Usually spaghetti and meatballs is something that you would have to forgo when you eat the Paleo way. That’s because noodles just aren’t something you can eat, at least the traditional type. This spaghetti and meatballs recipe makes some key changes so that you can enjoy this classic dish without worrying about eating wheat or grains. The spaghetti is made from squash so it is not real spaghetti at all, and may taste a little different, but should give you the overall feel of spaghetti and meatballs. If you can get used to these small changes it will make a big difference on your waistline. https://www.youtube.com/watch?v=esJSqaaoibA
Hey, great recipe and site!! FYI, The Paleo Kitchen cookbook has a mayo recipe that is SOOOO much easier…you take 3/4 cut oil of your choice, 1 egg, lemon juice(1 tsp I think), and 1 Tbsp Dijon mustard, place them in a tall, narrow container, and use an immersion blender! Start at the bottom and move the blender upward as the ingredients emulsify. I had quit making my own mayo because the other way was SO time consuming and mine never seemed to come out right, but this version is pretty fool-proof! I use grapeseed oil because the olive oil is a bit bitter for me.
She spit them out because she said they had a”sour” taste. I didn’t notice at first but when I went back and tasted, there was a very distinct bitter note on the finish of these pancakes. Once I noticed it, it stood out big time. Any ideas on this flavor? I was thinking it was the tapioca starch as we are new to this ingredient and seemed to be the only culprit. It is from Bob’s red Mill.
Another awesome trick: Let the batter chill overnight. It just may be the best way to achieve the fluffiest of fluff, and it doesn’t hurt the flavor either. This recipe boasts more ingredients than most, but is the closest to old-fashioned gluten-full pancakes, if that’s what you’re aiming for. Cook on super-low heat and top with coconut whipped cream—and maybe a flower or two.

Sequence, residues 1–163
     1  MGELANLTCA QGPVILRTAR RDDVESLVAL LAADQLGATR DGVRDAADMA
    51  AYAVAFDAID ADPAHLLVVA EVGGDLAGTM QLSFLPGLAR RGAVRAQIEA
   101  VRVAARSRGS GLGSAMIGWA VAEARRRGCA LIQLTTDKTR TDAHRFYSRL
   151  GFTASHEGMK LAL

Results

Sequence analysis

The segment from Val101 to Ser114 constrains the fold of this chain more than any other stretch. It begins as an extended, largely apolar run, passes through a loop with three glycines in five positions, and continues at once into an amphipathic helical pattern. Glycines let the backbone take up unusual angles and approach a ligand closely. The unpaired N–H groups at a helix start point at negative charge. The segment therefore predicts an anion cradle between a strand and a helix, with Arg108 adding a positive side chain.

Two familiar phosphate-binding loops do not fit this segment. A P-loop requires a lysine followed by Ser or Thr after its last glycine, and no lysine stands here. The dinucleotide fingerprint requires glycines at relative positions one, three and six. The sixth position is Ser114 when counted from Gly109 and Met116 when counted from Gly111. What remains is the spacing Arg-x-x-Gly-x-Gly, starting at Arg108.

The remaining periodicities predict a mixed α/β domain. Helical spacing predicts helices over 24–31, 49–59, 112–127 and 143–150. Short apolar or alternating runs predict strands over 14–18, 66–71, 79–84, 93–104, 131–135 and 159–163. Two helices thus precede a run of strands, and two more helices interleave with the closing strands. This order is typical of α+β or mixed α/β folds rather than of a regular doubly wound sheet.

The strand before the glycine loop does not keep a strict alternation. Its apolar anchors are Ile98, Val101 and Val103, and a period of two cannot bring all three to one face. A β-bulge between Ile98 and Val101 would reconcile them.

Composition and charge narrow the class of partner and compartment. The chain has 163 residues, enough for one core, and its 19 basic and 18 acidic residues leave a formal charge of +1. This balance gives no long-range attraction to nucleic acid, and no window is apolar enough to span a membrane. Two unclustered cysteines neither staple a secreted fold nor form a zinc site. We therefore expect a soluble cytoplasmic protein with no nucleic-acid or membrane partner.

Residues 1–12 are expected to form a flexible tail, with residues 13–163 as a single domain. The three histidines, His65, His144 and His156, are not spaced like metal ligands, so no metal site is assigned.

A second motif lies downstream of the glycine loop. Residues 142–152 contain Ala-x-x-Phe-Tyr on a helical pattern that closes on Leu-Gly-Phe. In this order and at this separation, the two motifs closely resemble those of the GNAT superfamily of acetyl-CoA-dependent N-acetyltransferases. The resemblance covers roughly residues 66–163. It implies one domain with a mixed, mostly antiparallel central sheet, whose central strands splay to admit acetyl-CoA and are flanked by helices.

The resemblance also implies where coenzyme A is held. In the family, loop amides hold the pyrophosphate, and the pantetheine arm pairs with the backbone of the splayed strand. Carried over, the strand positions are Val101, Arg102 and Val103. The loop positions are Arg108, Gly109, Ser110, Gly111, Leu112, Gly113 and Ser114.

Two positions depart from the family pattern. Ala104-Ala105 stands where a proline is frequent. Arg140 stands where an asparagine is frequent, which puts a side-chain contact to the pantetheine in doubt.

These BLT bites have the T built right in because they’re served up on a cherry tomato. She’s using cream cheese here, which you can sub out Paleo approved cream cheese for and be all set. The B of the BLT is covered with a respectable amount of bacon per bite. The T comes in the form of spinach, so you’re getting a nutritional upgrade from plain old lettuce which doesn’t have nearly as many vitamins and nutrients that spinach has. Dust these with a bit of parmesan cheese, one cheese that most Paleo-ers accept as OK, and you’re good to go.
Get yourself a top round roast and slice it as thinly as you can (or get your butcher to do it). The best jerky is made with just a few ingredients (but everyone’s taste buds are different). You’ll want to combine coconut aminos, some spices, and coconut sugar (yes, it isn’t totally Paleo; you can use honey instead). If you want the flavor that liquid smoke imparts, feel free to add it in. Put all the ingredients into a bowl, throw in the meat, stir it around, cover it, and put it in your fridge for at least 12 hours.
There are always occasions where it’s good to have some healthy Paleo snacks prepared, or in mind. This way when hunger strikes, you won’t ruin your Paleo diet. There are hundreds of great Paleo and Primal snack ideas and 75 ideas in the list below. With a bit of preparation, there will never be any need to hit the vending machine or go for an unhealthy option.
If you’re a big fan of chips, you’ll be happy to know that you don’t have to give them up when following the Paleo diet. While you may not be able to incorporate your favorite brands from childhood or run by the convenience store for a quick snack bag, fruit and veggie chips are a much healthier and lighter alternative. Although you can find pricey bags of these types of chips at most grocery stores today, the ingredient list can be questionable. Compared to the equivalent, make-at-home fruit and veggie chips will provide your body with energizing nutrients. Here are some recipes for chips that you can feel good about eating: https://www.youtube.com/watch?v=VExW4SNt3Ko